Leadership, Organizational Routines, and Innovation: A Study of the Implementation of Project Based Learning in Three Elementary Schools
Hertzberg, Jennifer, Administration and Supervision - Curry School of Education, University of Virginia
Eddy Spicer, David, CU-Leadshp, Fndns & Pol Studies, University of Virginia
This study examined how school leaders, including principals and teachers from three elementary schools, translated a district aim, Project-Based Learning, to promote new pedagogy within their buildings. Each school utilized organizational routines and practices, such as School Innovation and Improvement Planning (SIIP), Collaborative Learning Teams (CLTs), and school-embedded Professional Learning and Development (PLD). However, the ways in which these practices were specifically used to further the implementation of Project Based Learning were quite varied.
Findings revealed that principals and teachers perceived professional learning as integral to PBL implementation, while CLTs were not typically used to plan for PBL; rather, teachers used common planning time outside of CLTs to create and refine inquiry-based, authentic learning experiences. SIIP goals were developed to target a specific number of PBL experiences, but these goals did not appear essential to the uptake of PBL. Furthermore, SIIP goal targets were not well-known to all staff, nor consistently revisited throughout the year.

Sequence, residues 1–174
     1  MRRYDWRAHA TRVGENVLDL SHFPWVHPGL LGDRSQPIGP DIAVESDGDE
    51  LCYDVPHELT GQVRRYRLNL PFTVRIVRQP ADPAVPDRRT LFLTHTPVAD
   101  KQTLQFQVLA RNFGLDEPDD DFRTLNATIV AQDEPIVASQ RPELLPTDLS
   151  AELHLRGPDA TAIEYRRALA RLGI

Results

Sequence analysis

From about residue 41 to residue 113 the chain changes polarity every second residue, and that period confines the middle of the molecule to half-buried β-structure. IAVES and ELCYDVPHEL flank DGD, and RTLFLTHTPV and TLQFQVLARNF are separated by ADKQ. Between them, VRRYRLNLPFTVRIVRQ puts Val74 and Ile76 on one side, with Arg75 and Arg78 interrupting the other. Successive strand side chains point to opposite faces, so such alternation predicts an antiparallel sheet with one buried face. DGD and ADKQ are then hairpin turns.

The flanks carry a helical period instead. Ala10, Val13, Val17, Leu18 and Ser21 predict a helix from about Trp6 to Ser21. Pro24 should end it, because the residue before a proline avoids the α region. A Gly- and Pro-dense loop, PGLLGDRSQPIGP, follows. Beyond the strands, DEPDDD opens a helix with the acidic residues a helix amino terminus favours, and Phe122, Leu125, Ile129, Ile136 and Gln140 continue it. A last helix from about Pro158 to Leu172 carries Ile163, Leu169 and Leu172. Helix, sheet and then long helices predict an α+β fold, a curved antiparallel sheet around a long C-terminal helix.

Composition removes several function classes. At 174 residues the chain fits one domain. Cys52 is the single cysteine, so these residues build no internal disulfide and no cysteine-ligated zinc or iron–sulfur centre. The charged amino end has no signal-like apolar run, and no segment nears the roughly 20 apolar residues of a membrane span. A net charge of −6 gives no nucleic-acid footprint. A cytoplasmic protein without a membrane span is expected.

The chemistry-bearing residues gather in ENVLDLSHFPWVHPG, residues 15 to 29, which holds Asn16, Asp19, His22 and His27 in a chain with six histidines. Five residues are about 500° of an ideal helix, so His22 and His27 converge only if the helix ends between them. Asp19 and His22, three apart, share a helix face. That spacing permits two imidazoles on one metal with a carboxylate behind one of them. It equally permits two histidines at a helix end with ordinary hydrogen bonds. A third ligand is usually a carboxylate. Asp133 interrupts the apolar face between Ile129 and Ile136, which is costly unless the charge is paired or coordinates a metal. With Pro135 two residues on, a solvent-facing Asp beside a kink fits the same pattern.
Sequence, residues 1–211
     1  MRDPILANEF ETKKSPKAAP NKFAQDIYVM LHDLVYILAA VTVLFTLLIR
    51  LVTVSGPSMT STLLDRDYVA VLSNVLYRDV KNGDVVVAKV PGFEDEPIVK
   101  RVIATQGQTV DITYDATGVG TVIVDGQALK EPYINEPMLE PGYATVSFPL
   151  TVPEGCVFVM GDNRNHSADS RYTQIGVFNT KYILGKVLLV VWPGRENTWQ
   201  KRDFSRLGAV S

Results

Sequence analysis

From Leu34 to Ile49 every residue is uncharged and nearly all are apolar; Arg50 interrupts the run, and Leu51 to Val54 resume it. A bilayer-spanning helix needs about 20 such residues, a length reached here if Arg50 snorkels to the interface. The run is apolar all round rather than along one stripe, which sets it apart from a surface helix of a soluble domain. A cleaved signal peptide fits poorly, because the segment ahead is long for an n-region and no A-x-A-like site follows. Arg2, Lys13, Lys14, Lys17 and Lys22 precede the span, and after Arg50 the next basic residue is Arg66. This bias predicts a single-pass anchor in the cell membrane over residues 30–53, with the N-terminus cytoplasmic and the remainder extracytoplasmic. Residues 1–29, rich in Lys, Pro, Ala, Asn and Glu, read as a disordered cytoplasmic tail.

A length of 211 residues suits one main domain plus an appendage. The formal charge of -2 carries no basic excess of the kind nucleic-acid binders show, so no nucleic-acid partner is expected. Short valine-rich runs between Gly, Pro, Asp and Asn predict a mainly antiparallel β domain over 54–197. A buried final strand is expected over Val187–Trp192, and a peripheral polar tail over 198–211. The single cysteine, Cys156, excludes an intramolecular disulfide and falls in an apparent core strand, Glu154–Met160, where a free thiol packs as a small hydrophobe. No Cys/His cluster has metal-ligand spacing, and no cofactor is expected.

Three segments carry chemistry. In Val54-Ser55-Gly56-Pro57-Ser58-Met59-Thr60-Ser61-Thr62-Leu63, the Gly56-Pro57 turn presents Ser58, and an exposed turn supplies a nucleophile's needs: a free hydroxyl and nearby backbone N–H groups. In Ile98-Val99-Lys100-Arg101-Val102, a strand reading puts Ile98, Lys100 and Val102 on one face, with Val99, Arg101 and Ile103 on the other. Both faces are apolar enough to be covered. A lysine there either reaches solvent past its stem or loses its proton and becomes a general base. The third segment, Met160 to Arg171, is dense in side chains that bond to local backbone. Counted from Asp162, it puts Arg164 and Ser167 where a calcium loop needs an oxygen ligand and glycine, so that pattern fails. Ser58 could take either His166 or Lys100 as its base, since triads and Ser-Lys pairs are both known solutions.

As a result of inconsistencies in schoolwide implementation of new pedagogy, recommendations were made to strengthen principal leadership and teacher efficacy through targeted professional learning and development that supports system, school, and individual growth.
EDD (Doctor of Education)
curriculum implementation, program implementation, active learning, instructional improvement, instructional innovation, teaching methods, teacher professional development, professional learning communities, organizational routines, instructional practice, instructional leadership
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